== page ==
By Belinda Ojeda
Defining newcomers as a general group is not easy. We are a mosaic of cultures, languages, backgrounds, and traditions. Beyond our many differences, however, there are some elements that unequivocally characterize newcomers. We are grateful to be here, we love our new home, and we work hard no matter what. We value the opportunities that we get, and we make the most of them… unless something prevents us from it. For example, not being able to get to work or school.
Most of us don’t come with a lot of money – in the case of refugees, they may come with no money at all. It usually takes us a few months to find our first job, so many of us can’t afford a car for a while. All of us depend on public transit for work, school, and everyday activities. As a result, the availability of public transit (or lack thereof) will dictate many aspects of our lives as newcomers. We can’t live in an underserviced neighbourhood; we can’t work or study in an area we can’t easily reach by bus. Often times, our first jobs involve night shifts, which complicate matters as some areas have limited bus service in the evening. Even socializing, having hobbies, or accessing health services will revolve around where we can feasibly go.
Our current transit system sometimes complicates navigating the city, if your start or end point is not downtown. For example, one of my first jobs in Winnipeg involved taking shifts as a substitute office assistant all over the city. More than once I had to reject shifts because it was impossible to reach the venue on time by transit. Taking a taxi there and back would have cost me almost my entire income from that shift. Because of bus schedules and routes, we often need to take two or three buses to reach our destination, and wait a while for a connection. This is the reality faced by many transit users in Winnipeg; some people could forego job opportunities simply for lack of transportation options.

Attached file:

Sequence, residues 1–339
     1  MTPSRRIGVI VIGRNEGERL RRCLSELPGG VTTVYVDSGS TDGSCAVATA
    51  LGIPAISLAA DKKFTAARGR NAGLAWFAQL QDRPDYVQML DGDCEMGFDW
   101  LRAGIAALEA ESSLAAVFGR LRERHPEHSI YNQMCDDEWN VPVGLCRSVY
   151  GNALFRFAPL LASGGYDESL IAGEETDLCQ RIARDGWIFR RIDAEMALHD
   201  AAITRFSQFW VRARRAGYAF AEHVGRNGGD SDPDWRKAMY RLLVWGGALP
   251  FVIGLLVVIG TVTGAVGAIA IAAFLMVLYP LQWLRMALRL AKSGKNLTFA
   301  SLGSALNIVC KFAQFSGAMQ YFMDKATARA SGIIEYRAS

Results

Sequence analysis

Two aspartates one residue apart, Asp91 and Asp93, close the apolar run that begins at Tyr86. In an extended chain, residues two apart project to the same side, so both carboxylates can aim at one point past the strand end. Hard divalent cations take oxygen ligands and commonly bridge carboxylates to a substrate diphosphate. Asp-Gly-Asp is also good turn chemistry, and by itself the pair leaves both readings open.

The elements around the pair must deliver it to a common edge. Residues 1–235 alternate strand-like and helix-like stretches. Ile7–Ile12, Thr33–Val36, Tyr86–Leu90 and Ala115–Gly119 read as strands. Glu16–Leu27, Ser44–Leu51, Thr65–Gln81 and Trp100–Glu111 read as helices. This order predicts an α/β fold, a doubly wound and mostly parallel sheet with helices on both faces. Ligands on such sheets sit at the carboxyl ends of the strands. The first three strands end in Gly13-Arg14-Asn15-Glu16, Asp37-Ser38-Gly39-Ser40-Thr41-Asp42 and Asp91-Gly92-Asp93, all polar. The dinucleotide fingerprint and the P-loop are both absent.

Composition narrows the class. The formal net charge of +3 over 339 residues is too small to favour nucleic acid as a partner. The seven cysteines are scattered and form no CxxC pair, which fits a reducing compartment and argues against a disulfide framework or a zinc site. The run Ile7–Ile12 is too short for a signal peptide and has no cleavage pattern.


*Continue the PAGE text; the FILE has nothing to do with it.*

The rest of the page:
As newcomers, we adapt to our new home easily. We learn to love the snow and the cold after just one winter; we become die-hard Jets fans after one season. We’ve also learned to work around public transit limitations, and make the most of it. However, I am concerned about what the fare increase will mean for all low-income Winnipeggers, especially without a transit subsidy. Will people’s access to transit be limited as a result – and, will this mean limited access to work opportunities, education, hobbies, or everyday activities? What will happen to families living on minimum wage? Winnipeg is a vibrant city, with lots to offer in every neighbourhood. Every city resident should be able to access everything it has to offer, without transportation limitations.